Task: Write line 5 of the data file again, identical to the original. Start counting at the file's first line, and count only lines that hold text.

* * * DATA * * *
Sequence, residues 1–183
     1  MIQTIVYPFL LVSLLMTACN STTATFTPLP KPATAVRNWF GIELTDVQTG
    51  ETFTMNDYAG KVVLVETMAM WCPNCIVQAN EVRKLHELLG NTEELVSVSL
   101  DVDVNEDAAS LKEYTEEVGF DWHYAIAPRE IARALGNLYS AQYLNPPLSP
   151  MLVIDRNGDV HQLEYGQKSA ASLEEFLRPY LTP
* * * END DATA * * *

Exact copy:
   151  MLVIDRNGDV HQLEYGQKSA ASLEEFLRPY LTP